BOOK REVIEW: Insomniac City: Bill Hayes

Insomniac City

Bill Hayes

Bill Hayes came to New York City in 2009 with a one-way ticket and only the vaguest idea of how he would get by. But, at forty-eight years old, having spent decades in San Francisco, he craved change. Grieving over the death of his partner, he quickly discovered the profound consolations of the city’s incessant rhythms, the sight of the Empire State Building against the night sky, and New Yorkers themselves, kindred souls that Hayes, a lifelong insomniac, encountered on late-night strolls with his camera.

And he unexpectedly fell in love again, with his friend and neighbour, the writer and neurologist Oliver Sacks, whose exuberance–“I don’t so much fear death as I do wasting life,” he tells Hayes early on–is captured in funny and touching vignettes throughout. What emerges is a portrait of Sacks at his most personal and endearing, from falling in love for the first time at age seventy-five to facing illness and death. Insomniac City is both a meditation on grief and a celebration of life and a profound, life affirming celebration of the wonder of love, unexpected, un-invited and overwhelmingly beautiful love. Filled with Hayes’s distinctive street photos of everyday New Yorkers, the book is a love song to the city and to all who have felt the particular magic and solace it offers.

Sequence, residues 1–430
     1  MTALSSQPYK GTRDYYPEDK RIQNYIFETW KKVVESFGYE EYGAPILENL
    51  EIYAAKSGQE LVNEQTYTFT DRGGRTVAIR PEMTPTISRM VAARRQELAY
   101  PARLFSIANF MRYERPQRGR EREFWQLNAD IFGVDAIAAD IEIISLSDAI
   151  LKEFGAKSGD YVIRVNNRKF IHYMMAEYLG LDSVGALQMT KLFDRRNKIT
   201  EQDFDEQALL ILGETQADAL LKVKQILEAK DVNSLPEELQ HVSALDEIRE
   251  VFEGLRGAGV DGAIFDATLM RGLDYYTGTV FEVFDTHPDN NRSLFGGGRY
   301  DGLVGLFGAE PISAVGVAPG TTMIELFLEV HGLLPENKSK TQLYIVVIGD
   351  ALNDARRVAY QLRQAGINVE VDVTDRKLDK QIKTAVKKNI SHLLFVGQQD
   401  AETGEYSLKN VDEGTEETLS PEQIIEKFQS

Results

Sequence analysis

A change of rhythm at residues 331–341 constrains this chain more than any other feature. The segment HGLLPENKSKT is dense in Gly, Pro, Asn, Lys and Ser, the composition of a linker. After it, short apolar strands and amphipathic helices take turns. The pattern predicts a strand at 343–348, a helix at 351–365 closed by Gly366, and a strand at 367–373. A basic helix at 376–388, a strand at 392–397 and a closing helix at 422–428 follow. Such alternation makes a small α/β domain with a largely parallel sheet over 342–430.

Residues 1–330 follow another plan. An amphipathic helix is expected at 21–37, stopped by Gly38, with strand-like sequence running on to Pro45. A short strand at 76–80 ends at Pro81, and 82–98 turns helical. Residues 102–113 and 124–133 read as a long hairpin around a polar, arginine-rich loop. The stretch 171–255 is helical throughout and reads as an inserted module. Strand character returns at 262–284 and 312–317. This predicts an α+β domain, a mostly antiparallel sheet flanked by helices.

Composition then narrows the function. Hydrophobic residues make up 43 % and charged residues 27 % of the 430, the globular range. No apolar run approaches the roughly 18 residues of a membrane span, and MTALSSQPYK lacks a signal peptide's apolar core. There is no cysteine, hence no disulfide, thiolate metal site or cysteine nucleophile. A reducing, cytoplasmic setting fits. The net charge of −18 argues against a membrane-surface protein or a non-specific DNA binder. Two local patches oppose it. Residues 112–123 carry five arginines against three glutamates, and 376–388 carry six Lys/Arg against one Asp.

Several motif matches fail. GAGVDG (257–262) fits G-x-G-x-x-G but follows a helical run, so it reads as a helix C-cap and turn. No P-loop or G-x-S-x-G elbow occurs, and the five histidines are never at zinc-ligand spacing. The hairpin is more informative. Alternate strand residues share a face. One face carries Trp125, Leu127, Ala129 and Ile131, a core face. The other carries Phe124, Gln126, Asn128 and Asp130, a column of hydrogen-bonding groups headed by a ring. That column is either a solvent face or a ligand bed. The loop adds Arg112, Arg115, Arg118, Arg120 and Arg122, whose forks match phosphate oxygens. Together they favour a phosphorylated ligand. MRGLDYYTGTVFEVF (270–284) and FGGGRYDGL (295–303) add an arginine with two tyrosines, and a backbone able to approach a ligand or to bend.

The final chapter of the book  touched me deeply and I left the book slowly, with dignity feeling like I’d like to live and die half as well as Sacks and experience a love just as simple, clear and true and experience it with such honest relish as has Hayes.

A superb, touching and affirming read!

Out Now £16.99

For more info or to buy the book see the publishers website here. 

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